Windows XP Tablet PC 2005 Released with XP SP2

Microsoft updated its Tablet PC operating system for the first time since 2002 by including Windows XP Tablet PC Edition 2005 as part of Windows XP Service Pack 2.

Microsoft began the final stage of its online rollout of Windows XP SP2 on Wednesday by allowing Windows XP Professional clients to start receiving the bits via Automatic Update.

The free upgrade for Tablet PC users offers several usability and integration enhancements, as well as a new developer platform.

New features include an "in-place" tablet input panel (TIP) that allows for faster text input as well as new real-time recognition software that allows users to correct handwritten entries before conversion and preview the conversion before it's inserted into the text block. The upgrade also offers improved integration with Microsoft Office 2003 and new contextual awareness tools that allow users to add rules for how handwriting should be recognized in specific fields. For example, a field can be set to numbers only, preventing a "5" from being confused with an "S."

The new developer platform, Windows XP Tablet PC Edition Software Development Platform 1.7, improves context-sensitive support for forms solutions and offers new ink support for Web-based applications designed for mobile users, the company said.

"Windows XP Tablet PC Edition 2005 is a significant step toward delivering on our vision of incorporating Tablet PC functionality as a standard mobile feature in notebook PCs," Bill Mitchell, corporate vice president of the Mobile Platforms Division at Microsoft, said in a statement. "The long-term commitment by Microsoft [is to continue] unlocking new ways and new places to use the mobile PC."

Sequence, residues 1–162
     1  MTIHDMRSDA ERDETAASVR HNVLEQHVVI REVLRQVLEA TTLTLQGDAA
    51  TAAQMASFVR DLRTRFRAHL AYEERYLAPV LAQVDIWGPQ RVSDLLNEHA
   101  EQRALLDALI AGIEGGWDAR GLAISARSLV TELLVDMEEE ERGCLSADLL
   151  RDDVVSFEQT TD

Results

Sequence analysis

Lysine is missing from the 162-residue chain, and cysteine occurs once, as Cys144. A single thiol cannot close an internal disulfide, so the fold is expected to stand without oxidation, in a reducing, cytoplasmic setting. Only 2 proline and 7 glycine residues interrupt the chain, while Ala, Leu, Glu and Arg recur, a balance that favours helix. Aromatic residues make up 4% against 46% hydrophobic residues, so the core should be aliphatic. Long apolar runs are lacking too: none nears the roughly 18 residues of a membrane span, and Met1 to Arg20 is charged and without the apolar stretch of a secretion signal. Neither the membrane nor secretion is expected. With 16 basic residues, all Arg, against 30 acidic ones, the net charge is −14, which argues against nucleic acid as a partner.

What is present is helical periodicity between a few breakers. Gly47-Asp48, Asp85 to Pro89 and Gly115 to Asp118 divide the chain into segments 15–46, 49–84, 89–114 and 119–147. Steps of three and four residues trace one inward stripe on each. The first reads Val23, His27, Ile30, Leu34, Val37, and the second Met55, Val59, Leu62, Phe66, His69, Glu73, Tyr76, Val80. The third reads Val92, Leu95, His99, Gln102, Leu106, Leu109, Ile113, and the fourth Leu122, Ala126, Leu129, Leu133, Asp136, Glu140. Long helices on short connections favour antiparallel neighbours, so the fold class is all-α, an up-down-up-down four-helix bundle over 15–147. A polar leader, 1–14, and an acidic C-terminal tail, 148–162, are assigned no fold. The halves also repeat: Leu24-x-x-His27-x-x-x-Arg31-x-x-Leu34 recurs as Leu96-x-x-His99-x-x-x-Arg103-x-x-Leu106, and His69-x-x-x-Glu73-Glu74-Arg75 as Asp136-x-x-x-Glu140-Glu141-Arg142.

According to Microsoft, more than 140 companies design and manufacture Tablet PCs worldwide, and more than 300 vendors offer software applications.

About the Author

Becky Nagel is the vice president of Web & Digital Strategy for 1105's Converge360 Group, where she oversees the front-end Web team and deals with all aspects of digital strategy. She also serves as executive editor of the group's media Web sites, and you'll even find her byline on, the group's newest site for enterprise developers working with AI. She recently gave a talk at a leading technical publishers conference about how changes in Web technology may impact publishers' bottom lines. Follow her on twitter @beckynagel.


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